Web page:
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Brighton Fringe 2024

Low Down

One metre, one projector and one performer. Only Bones V1.9 does not disappoint as a piece of experimental theatre, delving further into the art of martial arts, circus and mime disciplines. Expect to consider the essence of mass on this planet, the invasion of small spaces and the reaction to this –sometimes your mass just doesn’t fit with the fundamentals of science. But keep going, have patience – and the values of Kung Fu will become evident. Premiering in 2022 as part of the Kallo Collective group, Matt Pasquet is part of this company as both a collaborator and performer. During twelve weeks of workshopping and rehearsals Pasquet has evolved the piece with Thom Monckton and Jenni Kallo. Hands – Feet – Feet – Hands; you will leave thinking about the alienation of specific body parts for some time. The precision of Matt Pasquet’s storytelling will leave you bemused and impressed due to the accuracy of his choreography and experimental approach to a small space – each performance feeling different to the night before with improvised ideas in the moment.

Tickets still available now, go along to see the experiment begin. You will never think about hands and feet as much as I did upon seeing this show. Pasquet’s performance is not to be missed!

Remaining shows at this year’s Brighton Fringe Festival: 24th May, 25th May, 26th May, 27th May, 28th May and 29thMay.


I love walking into the unknown and this is how I felt about this piece, a silver plated sheet glistens under the subtle lighting, as we anticipate Pasquet is resting gently underneath. What transpires is the wait, the wait of a slowly diminishing mass of tin foil material, crumbling into the atmosphere as Pasquet engulfs this, to the point of evaporation. What follows? Some brief nudity, not taking himself too seriously, this beam of light travels to different points of Pasquet’s body, struggling to stay on tangible surfaces, the light bounces from his body to a large gauze. Here the audience get introduced to multiple configurations of hand shapes, evolving from the art of Kung Fu. A spectacle, both brisk and agile precise movements, allowing you to focus on the accuracy of the hands flexion and extension. The hands for me become clear characters, attached to complex muscles that desire to express themselves whilst Pasquet’s head is hidden still – yet to be revealed.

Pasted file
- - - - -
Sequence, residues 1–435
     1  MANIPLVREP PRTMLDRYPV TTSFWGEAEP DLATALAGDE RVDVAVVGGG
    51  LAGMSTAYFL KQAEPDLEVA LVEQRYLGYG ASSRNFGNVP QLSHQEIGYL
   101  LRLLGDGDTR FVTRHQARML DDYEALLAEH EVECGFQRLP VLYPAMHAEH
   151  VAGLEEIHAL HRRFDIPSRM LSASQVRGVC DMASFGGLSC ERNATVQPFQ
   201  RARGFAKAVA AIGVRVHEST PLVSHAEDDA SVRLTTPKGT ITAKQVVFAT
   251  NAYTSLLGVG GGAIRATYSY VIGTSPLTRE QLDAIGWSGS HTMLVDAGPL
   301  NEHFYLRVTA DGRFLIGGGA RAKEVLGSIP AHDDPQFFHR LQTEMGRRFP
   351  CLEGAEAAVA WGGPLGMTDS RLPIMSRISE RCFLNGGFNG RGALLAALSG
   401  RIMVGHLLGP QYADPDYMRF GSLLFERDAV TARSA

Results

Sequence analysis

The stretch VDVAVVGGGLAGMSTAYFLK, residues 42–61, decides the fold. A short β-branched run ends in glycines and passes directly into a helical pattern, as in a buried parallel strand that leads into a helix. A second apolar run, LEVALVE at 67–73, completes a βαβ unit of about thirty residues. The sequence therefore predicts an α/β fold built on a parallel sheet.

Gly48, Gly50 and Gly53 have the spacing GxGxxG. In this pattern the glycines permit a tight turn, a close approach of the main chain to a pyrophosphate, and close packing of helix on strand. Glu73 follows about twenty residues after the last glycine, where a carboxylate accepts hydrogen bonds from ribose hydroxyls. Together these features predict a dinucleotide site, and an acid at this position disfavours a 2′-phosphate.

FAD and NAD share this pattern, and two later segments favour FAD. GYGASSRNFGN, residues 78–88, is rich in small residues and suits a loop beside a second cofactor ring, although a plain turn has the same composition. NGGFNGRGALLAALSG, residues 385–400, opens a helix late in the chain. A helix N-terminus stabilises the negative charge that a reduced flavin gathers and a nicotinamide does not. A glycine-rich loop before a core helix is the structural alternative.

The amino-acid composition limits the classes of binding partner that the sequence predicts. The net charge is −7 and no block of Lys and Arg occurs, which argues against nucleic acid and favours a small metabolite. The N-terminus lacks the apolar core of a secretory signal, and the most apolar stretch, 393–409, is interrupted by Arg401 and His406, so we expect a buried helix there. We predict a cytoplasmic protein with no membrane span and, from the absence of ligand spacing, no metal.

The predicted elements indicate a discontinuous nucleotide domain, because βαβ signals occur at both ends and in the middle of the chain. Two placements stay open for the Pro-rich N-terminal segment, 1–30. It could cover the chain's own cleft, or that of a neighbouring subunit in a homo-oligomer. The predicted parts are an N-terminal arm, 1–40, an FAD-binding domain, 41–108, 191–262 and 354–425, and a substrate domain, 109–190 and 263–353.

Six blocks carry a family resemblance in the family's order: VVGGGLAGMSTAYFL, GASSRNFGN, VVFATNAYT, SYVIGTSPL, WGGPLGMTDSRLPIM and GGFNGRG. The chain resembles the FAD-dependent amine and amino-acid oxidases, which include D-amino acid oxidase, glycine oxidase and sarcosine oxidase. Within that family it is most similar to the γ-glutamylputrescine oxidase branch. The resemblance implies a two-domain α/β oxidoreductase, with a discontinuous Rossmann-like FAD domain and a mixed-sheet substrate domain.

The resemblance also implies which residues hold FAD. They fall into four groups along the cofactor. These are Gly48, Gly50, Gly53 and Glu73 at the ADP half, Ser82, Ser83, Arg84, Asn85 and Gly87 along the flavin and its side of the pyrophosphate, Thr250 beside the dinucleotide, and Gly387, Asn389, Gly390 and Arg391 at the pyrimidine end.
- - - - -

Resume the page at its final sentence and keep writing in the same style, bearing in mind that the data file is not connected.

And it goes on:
The hand, as the lone ranger inquisitively ventures to a forbidden circle of light, only to be consumed by other forces once close to their destination. This pattern is repeated for sometime, slightly different in placement of the fingers, shifting between tension. Each time the claw hand cannot enter this domain, the mass is consumed by heightened glossolalic words, dissolving into the existential atmosphere. These details really did stand out, as the movements remained in the confinement’s of the projection, all whilst Pasquet’s head was concealed from the audience. Some viewers may find this focus on hands to be somewhat laborious, as how often do we truly focus on the mechanicals of our hands and their muscular limits? I guess mainly in a domesticated/functional sense, but in this piece this is not the case, they feel integral to the story-telling, a welcomed freedom of movement that is both surreal and beautifully comedic. Understanding the meaning of the movement had less importance, rather what moments evoked different emotions and meaning to different audience members.

So many visceral moments to keep you guessing what tricks will be explored next – I particularly enjoyed the slow pouring of white rice grains that hit the surface of the metre of movement, sounding like rain amplified on the speaker. What followed was some experimental communicative call and response movements with Pasquet’s feet and hands, with these body parts still being the main vessels of the story telling. As the rhythms within this episode intensified, we began to see most of the body in conflict with oneself – trying to escape the space and move through this area. The constraints of the projections begins to open up here as we see the body in full motion, shifting and evolving into different technical fixated poses. Within the Kung Fu discipline, each person must learn the fundamentals of energy through the movements, allowing patience for what life has to offer. To get there, everything takes time. Through watching Pasquet’s physical form you appreciate the internal and external forces of narrative within his martial arts and the undeniable dedication to his craft. In moments of inner turmoil, he demonstrates in abundance that patience, resilience and persistent will combat any self saboteur or external negative forces – even when you are running out of time or faith.